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Re: Dinosaurs Breathed Like Birds
Andrew Simpson (email@example.com) wrote:
<I like the hard to pronounce names like Opusthocoelicaudia as long as the mean
something. (posterior cavity tail referring to it's bizarre rigid tail) I think
dinosaur names should mean something and generally not just a place name.>
Well, proper Latin and Greek stems make for good structure, but not all names
<What does Diplodocus mean? Double Beam.>
In reference to the double-keeled nature of the middle to distal tail
chevrons. No one seems to know that *Apatosaurus* was named because the tail
differed slightly from *Diplodocus*, whereas it's appearance was "deceptive"
(and nothing to do with the head ot any so-called name change given it was
named before anyone knew about *Brontosaurus*).
<What does Ut@hraptor mean? Plunderer of Utah. Hey, it's never been to Utah let
alone plundered it.>
Well, actually ... it's FROM Utah.
<I don't mind so much what's his name calling his find DRINKER (he is, like all
paleontologists, an alcho... kidding)>
Well, Bakker is a fan of Cope's, and because Marsh had a dinosaur named for
HIS middle name, Othneil, Bakker felt Edward DRINKER Cope should get one too. I
gather the lack of a "-ia" was for the sound and look of the name.
<I am somewhat understanding of countries and occasionally provinces having
dinosaurs named after them, how many ways can you describe a Sauropod.>
Hundreds and thousands of ways. Not everyone looks into the details. It turns
out sauropods vary in cervical and cranial structure quite a bit, mostly in
their laminae. It's very hard, however, to name a dinosaur after a condition of
the laminae. Then again, you can choose holidays (*Saturnalia*) or people
(*Augustinia*) or equatorial location (*Borealosuchus, a croc I know, and
*Austrosaurus*/*Antarctosaurus* [which means south, not from the Antarctic]).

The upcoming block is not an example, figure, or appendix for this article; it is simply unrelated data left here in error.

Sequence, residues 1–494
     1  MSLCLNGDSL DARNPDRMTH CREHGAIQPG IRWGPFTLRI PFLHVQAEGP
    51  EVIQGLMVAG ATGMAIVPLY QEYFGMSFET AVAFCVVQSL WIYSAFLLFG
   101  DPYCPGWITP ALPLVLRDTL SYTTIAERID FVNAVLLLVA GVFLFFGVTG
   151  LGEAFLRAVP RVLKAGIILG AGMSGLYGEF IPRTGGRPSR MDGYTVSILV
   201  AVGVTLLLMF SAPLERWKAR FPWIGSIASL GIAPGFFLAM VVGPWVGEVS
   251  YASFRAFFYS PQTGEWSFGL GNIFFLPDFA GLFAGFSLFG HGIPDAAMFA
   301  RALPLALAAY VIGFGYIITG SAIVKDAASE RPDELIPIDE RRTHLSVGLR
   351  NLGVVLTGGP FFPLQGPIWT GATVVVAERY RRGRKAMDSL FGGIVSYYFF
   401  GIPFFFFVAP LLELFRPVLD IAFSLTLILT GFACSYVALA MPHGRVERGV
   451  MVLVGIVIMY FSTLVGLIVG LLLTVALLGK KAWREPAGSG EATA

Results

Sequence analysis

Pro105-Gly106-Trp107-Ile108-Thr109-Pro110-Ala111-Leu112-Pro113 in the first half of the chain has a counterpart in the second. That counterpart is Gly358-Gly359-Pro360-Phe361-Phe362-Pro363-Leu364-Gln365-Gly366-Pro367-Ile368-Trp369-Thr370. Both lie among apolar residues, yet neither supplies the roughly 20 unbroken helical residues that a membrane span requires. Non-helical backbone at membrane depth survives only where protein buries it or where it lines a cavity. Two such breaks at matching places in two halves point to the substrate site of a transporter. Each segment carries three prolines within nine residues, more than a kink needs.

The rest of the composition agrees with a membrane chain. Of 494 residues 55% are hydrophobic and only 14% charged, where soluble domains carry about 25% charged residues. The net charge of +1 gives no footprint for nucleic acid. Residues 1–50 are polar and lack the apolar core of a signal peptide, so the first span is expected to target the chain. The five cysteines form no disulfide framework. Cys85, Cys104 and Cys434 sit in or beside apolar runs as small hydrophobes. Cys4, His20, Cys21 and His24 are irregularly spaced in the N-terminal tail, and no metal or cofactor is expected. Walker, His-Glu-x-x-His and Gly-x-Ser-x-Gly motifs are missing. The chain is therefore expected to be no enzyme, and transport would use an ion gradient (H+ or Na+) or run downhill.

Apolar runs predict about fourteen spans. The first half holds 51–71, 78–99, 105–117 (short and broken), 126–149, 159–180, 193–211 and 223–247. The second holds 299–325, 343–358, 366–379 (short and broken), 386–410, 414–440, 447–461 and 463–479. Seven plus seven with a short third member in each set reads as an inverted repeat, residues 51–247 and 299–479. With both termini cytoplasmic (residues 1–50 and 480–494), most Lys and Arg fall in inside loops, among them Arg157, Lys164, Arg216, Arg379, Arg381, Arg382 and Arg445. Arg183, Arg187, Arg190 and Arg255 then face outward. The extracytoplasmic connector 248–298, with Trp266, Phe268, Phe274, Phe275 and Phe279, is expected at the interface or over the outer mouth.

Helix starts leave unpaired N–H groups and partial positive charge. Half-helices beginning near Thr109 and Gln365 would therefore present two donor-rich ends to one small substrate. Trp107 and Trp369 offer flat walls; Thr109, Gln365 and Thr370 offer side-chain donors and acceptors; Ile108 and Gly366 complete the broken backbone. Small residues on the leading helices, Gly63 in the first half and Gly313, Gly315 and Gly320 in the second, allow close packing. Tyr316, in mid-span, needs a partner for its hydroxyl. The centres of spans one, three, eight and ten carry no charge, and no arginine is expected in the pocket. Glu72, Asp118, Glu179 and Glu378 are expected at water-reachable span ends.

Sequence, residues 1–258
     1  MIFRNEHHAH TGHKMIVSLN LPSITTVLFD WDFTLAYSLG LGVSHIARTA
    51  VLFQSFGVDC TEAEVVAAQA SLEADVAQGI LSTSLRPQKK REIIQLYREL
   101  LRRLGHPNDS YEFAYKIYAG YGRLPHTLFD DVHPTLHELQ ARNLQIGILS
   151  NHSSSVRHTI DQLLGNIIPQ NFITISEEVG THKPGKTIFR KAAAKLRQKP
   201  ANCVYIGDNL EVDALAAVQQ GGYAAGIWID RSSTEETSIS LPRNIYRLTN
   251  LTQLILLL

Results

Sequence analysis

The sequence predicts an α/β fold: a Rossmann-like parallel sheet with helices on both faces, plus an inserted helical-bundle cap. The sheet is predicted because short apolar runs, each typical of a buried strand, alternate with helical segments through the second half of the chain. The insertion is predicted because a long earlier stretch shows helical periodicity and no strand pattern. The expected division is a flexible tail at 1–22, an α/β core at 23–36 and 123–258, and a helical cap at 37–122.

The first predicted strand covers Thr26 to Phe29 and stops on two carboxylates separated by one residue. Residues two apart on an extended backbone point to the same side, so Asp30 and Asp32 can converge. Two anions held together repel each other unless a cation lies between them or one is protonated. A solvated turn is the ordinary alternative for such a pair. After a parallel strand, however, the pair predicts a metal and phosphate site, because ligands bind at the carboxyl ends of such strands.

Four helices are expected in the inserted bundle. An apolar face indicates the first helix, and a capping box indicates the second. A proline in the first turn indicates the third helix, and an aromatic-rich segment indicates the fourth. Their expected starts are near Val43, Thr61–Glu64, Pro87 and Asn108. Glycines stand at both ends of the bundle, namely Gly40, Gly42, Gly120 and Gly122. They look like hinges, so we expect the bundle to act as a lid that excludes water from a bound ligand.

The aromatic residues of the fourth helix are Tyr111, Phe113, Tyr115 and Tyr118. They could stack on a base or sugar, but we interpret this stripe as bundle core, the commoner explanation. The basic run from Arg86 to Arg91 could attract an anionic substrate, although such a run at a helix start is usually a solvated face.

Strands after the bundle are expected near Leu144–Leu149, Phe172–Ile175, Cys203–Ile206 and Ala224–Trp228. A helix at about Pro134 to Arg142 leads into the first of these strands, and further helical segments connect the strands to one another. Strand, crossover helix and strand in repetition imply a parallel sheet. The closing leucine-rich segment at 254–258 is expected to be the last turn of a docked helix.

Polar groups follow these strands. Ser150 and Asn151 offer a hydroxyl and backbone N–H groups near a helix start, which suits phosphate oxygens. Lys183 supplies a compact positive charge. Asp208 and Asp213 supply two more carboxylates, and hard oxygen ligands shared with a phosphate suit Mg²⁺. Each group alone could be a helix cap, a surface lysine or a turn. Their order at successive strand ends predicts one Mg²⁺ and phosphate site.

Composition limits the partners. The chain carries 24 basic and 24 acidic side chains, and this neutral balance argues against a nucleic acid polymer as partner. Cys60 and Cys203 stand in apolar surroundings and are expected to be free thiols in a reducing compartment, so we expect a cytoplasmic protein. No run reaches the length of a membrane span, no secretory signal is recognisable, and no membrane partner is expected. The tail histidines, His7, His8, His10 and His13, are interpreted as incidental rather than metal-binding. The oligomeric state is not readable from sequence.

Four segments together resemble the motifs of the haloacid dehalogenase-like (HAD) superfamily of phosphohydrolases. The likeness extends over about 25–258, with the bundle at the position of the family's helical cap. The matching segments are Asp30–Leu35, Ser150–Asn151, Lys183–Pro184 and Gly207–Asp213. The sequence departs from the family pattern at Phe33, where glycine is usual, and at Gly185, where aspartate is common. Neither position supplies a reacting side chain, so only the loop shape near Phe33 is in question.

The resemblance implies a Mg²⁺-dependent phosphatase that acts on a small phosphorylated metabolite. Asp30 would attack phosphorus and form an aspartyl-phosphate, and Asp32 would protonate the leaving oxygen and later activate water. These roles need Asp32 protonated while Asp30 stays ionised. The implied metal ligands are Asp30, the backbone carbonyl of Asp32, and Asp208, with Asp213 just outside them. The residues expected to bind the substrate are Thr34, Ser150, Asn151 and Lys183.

There are so many more theropods being named after silly and arbitary things
that it's just ... dumb.
With all due respect, there's only so much that goes for the worst dinosaur
joke: *Megapnosaurus*, which is a name for one of the more important dinosaurs
in early dinosaur biogeographic history.
Well, again, history has more involvement in this than one might think.
Titans, from the Greek _titanos_, were great and powerful beings that,
essentially, created the universe. The term is not always used to refer to
physical proportions, but the "greatness" of the being in question.
<And I understand the Chinese animals being named for local rivers we would
have most likely never heard of, but I do mind those people who named their two
dino finds after their kids. That's just rude. The 2nd part of the name can and
should be whatever you want it to be.>
*Timimus* is names for TWO people, Tim Flannery and Tim Rich. Yes,
*Leaellynasaura* is named for Leaellyn Rich, who is following her parents into
paleo. *Qantassaurus* is named for the airline which transported the animal
(and let me tell you, they had PLENTY features to choose from).
*Atlascopcosaurus* was named (as *Gasosaurus* from China via Dong's
imagination) for the company lending it's construction equipment. BTW, there's
an American company called Trex which Horner and many others have used for
helping the unearthing of the dino, and a little-known organization known as
the U.S. Army which has lent its helicopters in lifting out blocks no man could
move intact, so how would we honor their assistance and aid? A nice thank you
in the end of the acknowledgments of the paper? Sorry if this sounds too
critical, but often the honorees of the name deserve it in the eyes of those
who choose the name. For example, *Eotyrannus* is probably _not_ the earliest
(aka, "dawn") tyrannosauroid, but it eas the earliest one found to date; *E.
lengi* honors Gavin Leng, who found the skeleton, BUT an earlier suggested name
had been to honor the _genus_ for Gavin Leng, either using his first or second
names as the choice to add -saurus to. This happens a LOT because, simply,
maybe that's what the authors _want_ to do, not that they can't come up with
I think the authors have the honor to name it what they wish. As long as it
is not obsence or upsetting, they can do so. Carolus Linnaeus named many
organisms for reproductive parts, and while there had been a vigorous attempt
to change these for the sake of victorian-esque propriety, science prevailed.
They DO look like their namesakes, after all! ;)
This is a list of nearly all current dinosaur etyomologies and their
meanings. Ben Creisler is the compiler, a student of classical languages, and
the more recent species have received more detailed information than the bulk.
<ps. I couldn't find what Futalongkosauri means.>
I was listing a bunch of recent names which people seldom see that have
obscure spelling structure. The "Futalongko" name is a nomen nudum so far for a
Neuquén sauropod (yes, another one), whereas *Ekrixinatosaurus* is a veritable
mouthful! (http://dino.lm.com/images/display.php?id=2712). Some names just
don't lend themselves to Roman typography very well...
Jaime A. Headden
"Innocent, unbiased observation is a myth." --- P.B. Medawar (1969)
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